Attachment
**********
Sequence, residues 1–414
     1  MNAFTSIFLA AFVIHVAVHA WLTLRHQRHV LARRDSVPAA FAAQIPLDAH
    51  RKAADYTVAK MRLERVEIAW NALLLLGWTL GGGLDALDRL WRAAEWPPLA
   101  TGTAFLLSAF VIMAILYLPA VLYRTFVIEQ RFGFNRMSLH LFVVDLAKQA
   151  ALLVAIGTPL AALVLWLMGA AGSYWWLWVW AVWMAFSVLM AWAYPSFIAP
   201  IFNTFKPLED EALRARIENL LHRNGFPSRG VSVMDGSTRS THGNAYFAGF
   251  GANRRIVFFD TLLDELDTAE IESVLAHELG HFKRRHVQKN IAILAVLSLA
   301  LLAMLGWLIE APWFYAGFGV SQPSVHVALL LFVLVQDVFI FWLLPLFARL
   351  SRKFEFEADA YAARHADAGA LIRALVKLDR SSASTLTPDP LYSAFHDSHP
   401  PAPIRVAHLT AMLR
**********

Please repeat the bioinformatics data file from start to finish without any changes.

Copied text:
Sequence, residues 1–414
     1  MNAFTSIFLA AFVIHVAVHA WLTLRHQRHV LARRDSVPAA FAAQIPLDAH
    51  RKAADYTVAK MRLERVEIAW NALLLLGWTL GGGLDALDRL WRAAEWPPLA
   101  TGTAFLLSAF VIMAILYLPA VLYRTFVIEQ RFGFNRMSLH LFVVDLAKQA
   151  ALLVAIGTPL AALVLWLMGA AGSYWWLWVW AVWMAFSVLM AWAYPSFIAP
   201  IFNTFKPLED EALRARIENL LHRNGFPSRG VSVMDGSTRS THGNAYFAGF
   251  GANRRIVFFD TLLDELDTAE IESVLAHELG HFKRRHVQKN IAILAVLSLA
   301  LLAMLGWLIE APWFYAGFGV SQPSVHVALL LFVLVQDVFI FWLLPLFARL
   351  SRKFEFEADA YAARHADAGA LIRALVKLDR SSASTLTPDP LYSAFHDSHP
   401  PAPIRVAHLT AMLR